7. ^"Round-trip — Definition and More from the Free Merriam-Webster Dictionary". Merriam-Webster. Retrieved 2 March 2013. 
  8. ^ abcd"A History Of Why People Travel". Matador Network. Retrieved 13 February 2018. 
  9. ^"A Brief Visual History of Travel". Accessed May 2017.
  10. ^Peters, F. E. (1994). The Hajj: The Muslim Pilgrimage to Mecca and the Holy Places. Princeton University Press. p. 164. ISBN 9780691026190. 
  11. ^"A brief history of travel: From elite hobby to mass tourism". Deutsche Welle. Retrieved 13 February 2018. 
  12. ^ abcdef"Tips for Traveling Abroad."Bureau of Consular Affairs, U.S. Department of State. Accessed July 2011.
  13. ^"A Safe Trip Abroad."Bureau of Consular Affairs, U.S. Department of State. Accessed July 2011.
  14. ^ abcd"Road Safety Overseas."Bureau of Consular Affairs, U.S. Department of State. Accessed July 2011.
  15. ^The risks of travel
  16. ^Varozza, G. (2015). 501 Time-Saving Tips Every Woman Should Know. Harvest House Publishers. p. 214. ISBN 978-0-7369-5951-3. 

A bus driver will typically do the following:

  • Check the bus tires, lights, and oil and do other basic maintenance
  • Pick up and drop off passengers at designated locations
  • Follow a planned route on a time schedule
  • Help disabled passengers get on and off the bus
  • Follow traffic laws and state and federal transit regulations
  • Follow safety procedures to make sure they and all passengers are safe

Local transit bus drivers follow a daily schedule while transporting people on regular routes along the same city or suburban streets. They usually stop frequently, often only a few blocks apart and when a passenger requests a stop. Local transit drivers typically collect bus fares, sometimes making change for passengers, answer questions about schedules, routes, and transfer points, and report accidents or other traffic disruptions to a central dispatcher.

Intercity bus drivers transport passengers between cities or towns. They may travel between distant cities or between towns only a few miles apart. They usually pick up and drop off passengers at bus stations, where passengers buy tickets. Increasingly, intercity buses are using curbside locations in downtown urban areas instead of stations. Intercity bus drivers ensure all passengers have a valid ticket to ride the bus, may sell tickets to passengers when there are unsold seats available, follow a central dispatcher’s instruction when taking an alternate route, and help passengers load or unload baggage.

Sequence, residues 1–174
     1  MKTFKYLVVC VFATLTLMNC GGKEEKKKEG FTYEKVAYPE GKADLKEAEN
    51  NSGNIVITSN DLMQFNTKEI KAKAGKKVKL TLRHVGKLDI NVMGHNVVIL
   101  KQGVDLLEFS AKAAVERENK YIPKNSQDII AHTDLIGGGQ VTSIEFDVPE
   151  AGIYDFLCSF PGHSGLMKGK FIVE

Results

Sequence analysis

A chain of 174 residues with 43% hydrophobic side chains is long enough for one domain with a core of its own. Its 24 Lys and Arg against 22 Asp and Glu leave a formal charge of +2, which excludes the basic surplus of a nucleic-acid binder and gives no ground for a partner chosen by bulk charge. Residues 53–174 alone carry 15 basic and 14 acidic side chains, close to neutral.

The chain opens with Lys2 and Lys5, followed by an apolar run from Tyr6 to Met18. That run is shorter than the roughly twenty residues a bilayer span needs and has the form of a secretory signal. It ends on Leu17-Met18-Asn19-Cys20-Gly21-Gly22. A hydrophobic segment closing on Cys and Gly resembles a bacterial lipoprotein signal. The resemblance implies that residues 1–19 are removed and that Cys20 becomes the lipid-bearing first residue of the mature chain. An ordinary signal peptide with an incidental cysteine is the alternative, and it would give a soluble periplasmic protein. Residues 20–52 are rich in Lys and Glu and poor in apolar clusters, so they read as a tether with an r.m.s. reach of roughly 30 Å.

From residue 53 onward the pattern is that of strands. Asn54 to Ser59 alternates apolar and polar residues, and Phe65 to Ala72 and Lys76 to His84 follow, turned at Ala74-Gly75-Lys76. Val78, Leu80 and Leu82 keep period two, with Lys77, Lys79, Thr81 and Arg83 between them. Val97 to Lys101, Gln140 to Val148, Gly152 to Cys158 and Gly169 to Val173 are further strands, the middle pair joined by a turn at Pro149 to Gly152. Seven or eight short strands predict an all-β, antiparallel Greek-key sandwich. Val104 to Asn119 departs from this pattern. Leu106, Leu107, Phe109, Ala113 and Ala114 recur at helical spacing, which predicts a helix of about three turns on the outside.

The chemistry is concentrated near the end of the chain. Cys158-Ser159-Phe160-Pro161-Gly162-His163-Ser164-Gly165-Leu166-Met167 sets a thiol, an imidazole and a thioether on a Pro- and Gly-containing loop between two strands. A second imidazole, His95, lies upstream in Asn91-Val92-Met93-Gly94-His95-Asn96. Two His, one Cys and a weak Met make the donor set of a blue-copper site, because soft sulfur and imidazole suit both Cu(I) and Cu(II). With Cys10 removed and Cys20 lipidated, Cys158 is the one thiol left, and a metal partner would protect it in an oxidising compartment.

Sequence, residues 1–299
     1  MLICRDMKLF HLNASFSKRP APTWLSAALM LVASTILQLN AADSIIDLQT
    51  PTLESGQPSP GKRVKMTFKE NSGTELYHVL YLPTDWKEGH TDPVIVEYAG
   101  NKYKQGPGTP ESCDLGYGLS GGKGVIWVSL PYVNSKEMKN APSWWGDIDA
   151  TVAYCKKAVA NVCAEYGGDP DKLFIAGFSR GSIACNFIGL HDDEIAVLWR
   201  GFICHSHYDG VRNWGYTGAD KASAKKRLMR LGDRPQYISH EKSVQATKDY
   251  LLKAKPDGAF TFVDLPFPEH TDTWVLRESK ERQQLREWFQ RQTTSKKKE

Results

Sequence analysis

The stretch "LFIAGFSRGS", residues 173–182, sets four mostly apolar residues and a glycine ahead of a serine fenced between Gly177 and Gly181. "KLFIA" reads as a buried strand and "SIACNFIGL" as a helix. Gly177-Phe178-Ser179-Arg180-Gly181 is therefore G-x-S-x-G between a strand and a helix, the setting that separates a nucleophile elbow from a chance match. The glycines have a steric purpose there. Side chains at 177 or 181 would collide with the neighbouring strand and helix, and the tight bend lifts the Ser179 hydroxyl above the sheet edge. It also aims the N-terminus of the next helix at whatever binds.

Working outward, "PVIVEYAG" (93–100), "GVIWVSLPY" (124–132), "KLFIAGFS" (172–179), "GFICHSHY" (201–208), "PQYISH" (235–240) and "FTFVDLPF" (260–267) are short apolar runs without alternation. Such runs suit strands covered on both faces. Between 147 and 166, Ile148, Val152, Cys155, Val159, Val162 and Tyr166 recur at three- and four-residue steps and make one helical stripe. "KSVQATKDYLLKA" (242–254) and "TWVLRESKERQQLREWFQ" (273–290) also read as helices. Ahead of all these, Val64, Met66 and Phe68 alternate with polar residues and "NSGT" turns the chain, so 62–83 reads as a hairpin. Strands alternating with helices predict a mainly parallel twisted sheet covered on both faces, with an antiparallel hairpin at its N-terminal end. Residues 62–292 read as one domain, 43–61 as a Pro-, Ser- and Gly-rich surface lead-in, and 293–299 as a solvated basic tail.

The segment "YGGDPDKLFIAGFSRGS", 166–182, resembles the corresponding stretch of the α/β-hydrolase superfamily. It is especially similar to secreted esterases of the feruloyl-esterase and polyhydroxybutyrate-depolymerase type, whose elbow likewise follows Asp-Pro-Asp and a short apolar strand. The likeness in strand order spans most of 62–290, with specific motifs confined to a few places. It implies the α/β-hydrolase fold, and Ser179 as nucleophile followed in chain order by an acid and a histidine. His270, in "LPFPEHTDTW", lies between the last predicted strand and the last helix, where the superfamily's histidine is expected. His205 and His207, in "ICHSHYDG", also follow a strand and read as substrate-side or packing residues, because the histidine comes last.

Motor coach drivers transport passengers on chartered trips or sightseeing tours. Their schedule and route are generally arranged by a trip planner for the convenience of the passengers, who often are on vacation. They are usually away for long periods of time because they usually stay with vacationers for the length of the trip. They typically listen to and sometimes address passenger complaints, ensure the tour stays on schedule, sometimes act as tour guides for passengers, help passengers load or unload baggage, and account for all passengers before leaving a location.

School bus drivers transport students to and from school and other activities. On school days, drivers pick up students in the morning and return them home or to the designated bus stop in the afternoon. They also drive students to field trips, sporting events, and other activities. Some drivers work at school in other occupations, such as janitors, cafeteria workers, or mechanics, between morning and afternoon trips. They generally must watch traffic and people carefully to ensure the safety of children getting on and off the bus, take care of the needs of children with disabilities, keep order and safety on the school bus, understand and enforce the school system’s rules regarding student conduct, and report disciplinary problems to the school district or parents.